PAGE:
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Biography - Bing Jones


Bing Jones has been an artist all his life, though he has also spent much of my time working as a doctor. Like many medical folk, he feels that the deeper mysteries lie beyond the reach of the stethoscope. He admits to poor contraceptive skills, has four fabulous children and mountains of University tuition fees.

He trained at Medical School in Bristol and then at Sheffield School of Art and Design.

Bing has undertaken major portrait commissions for 20 years. He has studied and practised traditional methods of painting, drawing and printmaking for 30 years.

He also paints landscapes, makes studies from master works and draws from the figure.

Views on painting
“Medicine is good, but painting is better! And people are the noblest but also the most challenging of subjects.

I am a traditional painter. My painting is as dependent on old-fashioned methods as it is on modern technology. I use both oil and tempera on canvas stretched on wood. I often use chalk under-drawing, lean under-painting, impasto over-painting and finish with glazes. The main foundation of a painting is its composition and I prefer to work from life whenever possible.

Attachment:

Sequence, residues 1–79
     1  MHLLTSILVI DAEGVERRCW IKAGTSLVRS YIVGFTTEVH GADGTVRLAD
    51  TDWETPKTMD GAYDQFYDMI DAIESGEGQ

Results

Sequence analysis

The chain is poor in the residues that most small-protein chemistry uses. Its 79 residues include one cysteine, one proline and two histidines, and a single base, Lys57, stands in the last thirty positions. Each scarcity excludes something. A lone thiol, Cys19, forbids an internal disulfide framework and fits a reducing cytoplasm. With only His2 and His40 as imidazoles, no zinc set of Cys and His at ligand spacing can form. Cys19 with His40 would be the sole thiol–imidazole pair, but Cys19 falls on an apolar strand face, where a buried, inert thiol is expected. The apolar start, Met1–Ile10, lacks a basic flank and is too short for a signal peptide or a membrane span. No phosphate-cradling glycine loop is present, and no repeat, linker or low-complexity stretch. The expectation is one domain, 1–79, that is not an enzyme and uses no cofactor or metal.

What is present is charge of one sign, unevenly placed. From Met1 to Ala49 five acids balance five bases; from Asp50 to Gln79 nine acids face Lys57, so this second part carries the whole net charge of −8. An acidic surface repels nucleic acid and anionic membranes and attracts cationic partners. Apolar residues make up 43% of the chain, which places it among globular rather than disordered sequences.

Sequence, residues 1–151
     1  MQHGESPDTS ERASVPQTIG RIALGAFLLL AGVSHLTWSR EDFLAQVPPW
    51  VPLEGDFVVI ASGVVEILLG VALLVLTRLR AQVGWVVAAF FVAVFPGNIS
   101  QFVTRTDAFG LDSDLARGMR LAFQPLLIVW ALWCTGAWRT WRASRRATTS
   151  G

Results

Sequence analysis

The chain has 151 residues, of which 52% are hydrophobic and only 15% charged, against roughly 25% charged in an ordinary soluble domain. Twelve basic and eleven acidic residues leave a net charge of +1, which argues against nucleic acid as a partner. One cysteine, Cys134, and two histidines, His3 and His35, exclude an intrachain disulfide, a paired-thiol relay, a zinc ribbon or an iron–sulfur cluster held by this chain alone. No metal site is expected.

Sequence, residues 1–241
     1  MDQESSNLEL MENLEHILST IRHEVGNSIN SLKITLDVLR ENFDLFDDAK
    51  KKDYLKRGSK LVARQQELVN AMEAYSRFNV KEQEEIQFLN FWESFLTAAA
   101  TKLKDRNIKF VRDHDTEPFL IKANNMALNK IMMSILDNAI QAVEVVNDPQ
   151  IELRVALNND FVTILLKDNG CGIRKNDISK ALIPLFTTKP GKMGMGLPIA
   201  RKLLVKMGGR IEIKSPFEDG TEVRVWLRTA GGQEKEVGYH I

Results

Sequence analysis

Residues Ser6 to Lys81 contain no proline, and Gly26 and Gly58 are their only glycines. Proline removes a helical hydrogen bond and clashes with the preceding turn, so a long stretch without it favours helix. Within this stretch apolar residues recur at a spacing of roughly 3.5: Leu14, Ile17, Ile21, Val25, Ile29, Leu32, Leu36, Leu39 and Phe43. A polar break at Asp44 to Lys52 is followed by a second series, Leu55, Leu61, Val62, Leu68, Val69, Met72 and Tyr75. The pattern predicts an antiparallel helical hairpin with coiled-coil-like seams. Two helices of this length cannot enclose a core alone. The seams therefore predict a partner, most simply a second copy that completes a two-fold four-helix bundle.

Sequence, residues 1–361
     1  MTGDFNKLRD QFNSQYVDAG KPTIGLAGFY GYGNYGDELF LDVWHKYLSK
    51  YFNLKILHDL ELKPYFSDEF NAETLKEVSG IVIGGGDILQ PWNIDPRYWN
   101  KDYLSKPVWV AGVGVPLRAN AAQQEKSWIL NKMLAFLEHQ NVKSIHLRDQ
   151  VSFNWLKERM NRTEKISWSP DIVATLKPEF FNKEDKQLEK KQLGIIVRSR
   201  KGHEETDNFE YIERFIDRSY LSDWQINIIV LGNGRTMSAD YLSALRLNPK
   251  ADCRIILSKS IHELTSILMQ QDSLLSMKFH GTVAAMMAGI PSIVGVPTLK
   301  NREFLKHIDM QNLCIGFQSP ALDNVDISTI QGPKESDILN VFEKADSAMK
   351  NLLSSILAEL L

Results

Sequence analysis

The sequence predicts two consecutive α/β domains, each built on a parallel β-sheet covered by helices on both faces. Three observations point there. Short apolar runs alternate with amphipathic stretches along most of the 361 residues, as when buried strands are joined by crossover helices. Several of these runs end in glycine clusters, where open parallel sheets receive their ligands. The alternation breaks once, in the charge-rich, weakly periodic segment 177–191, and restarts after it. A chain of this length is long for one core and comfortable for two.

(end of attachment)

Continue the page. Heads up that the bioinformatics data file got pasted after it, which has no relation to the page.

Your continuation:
Time constraints often oblige me to use photography. Generally, it is obvious if a painting is based on a single photograph. I often use a computer programme to manipulate parts of multiple photographs and to alter the sizes and relationships of the components of the picture. With traditional free drawing, this enables a complicated set of parts to be amalgamated into a balanced composition.

Painting for me is about presenting the world to the viewer in a sorted way. Somehow one has to capture an essence of the subject and then re-construct it, resolving the parts into a whole. The best paintings are like the best music. They speak to us about our shared experience of the subject, resolving it and somehow leaving us enriched. Copying, decorating, novelty or rebellion can all be part of this but are not enough in themselves. This resolution is not easy and many do not even try. Working from photographs removes some problems but makes wholeness harder to find

The painter has so much choice of approach, from the naive to the classical, slick realism to anti-art. But the portrait painter is reined in with layers of expectation from sitter and paymaster what a challenge!”






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last updated  05 Jan 2015